11. 5 out of 5

    Blair

    Narrated in a wry, staccato, explanatory style, I Hate the Internet is a sort of non-novel – it has the bones of a plot, and features fictional characters (but many more real people), and things happen, but what it really is is an enraged (and knowingly hypocritical) cri de coeur against capitalism, sexism, racism, materialism, gentrification, literary fiction, San Francisco, Ayn Rand, the US government, and, yes, the internet. The internet is, variously, 'an excellent way to distribute child po Narrated in a wry, staccato, explanatory style, I Hate the Internet is a sort of non-novel – it has the bones of a plot, and features fictional characters (but many more real people), and things happen, but what it really is is an enraged (and knowingly hypocritical) cri de coeur against capitalism, sexism, racism, materialism, gentrification, literary fiction, San Francisco, Ayn Rand, the US government, and, yes, the internet. The internet is, variously, 'an excellent way to distribute child pornography, stolen autopsy reports and pirated copies of 1970s Euro Horror', 'a wonderful resource for sexism, abusing the mentally ill, and libelling the dead', and, more succinctly, 'bad ideology created by thoughtless men' – all lines typical of the deadpan voice Kobek uses as a vessel for his enmity. It's kind of funny, but more sad than it is funny, and more angry than it is sad. It's an excoriating howl into the void that invites us to scream along with it. TinyLetter | Twitter | Instagram | Tumblr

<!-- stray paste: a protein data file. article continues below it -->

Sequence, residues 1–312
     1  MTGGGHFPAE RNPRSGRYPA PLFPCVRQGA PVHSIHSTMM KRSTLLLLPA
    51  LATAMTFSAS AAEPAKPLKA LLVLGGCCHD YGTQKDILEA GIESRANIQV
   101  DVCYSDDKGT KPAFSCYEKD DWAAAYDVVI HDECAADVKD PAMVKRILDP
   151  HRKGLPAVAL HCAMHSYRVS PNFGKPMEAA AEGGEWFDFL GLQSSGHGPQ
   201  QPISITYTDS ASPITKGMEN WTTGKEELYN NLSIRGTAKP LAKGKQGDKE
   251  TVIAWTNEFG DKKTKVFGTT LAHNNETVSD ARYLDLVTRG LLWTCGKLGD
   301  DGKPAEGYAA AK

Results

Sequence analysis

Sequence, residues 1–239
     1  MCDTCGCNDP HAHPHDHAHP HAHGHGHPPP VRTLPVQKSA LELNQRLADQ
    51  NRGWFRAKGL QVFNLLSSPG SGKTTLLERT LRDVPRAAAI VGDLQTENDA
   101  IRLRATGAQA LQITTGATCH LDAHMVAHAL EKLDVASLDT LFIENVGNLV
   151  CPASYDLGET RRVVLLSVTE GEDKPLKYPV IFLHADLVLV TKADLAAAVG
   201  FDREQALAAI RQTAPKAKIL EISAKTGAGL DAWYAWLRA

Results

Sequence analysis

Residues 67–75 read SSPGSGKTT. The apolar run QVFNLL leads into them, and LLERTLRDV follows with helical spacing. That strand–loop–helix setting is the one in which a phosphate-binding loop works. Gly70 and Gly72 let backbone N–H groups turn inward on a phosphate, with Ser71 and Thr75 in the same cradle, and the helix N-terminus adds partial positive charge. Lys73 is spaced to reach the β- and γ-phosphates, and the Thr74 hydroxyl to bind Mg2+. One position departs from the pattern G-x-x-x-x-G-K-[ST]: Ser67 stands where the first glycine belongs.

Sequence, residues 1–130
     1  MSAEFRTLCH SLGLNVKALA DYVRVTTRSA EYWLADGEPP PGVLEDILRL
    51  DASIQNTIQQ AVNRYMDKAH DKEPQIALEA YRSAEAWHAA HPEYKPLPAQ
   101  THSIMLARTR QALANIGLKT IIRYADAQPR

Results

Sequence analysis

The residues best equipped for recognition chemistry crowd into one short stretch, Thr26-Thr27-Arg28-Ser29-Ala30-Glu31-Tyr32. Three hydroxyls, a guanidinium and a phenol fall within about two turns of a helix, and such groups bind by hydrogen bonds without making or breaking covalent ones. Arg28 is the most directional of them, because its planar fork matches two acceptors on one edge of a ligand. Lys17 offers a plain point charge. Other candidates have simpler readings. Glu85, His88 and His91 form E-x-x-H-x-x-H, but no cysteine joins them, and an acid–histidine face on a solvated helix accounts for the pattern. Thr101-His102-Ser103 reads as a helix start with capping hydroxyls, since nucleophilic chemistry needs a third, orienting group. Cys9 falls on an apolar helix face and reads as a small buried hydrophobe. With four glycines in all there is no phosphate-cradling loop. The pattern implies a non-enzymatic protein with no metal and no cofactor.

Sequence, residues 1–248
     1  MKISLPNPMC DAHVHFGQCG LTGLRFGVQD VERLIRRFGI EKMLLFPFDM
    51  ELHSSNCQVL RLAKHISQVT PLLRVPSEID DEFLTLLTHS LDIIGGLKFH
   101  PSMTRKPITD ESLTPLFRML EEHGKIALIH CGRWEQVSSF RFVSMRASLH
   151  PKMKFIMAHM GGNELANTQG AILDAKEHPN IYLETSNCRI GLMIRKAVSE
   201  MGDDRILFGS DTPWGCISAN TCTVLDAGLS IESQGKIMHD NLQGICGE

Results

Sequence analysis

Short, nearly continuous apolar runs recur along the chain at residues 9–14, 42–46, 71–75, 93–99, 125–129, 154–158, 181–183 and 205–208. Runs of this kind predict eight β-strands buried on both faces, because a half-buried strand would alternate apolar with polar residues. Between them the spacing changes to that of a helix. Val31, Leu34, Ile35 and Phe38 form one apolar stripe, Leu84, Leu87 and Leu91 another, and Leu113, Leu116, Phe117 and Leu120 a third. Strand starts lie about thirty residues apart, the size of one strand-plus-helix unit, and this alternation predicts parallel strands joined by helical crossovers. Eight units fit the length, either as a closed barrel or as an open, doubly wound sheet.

12. 4 out of 5

    David M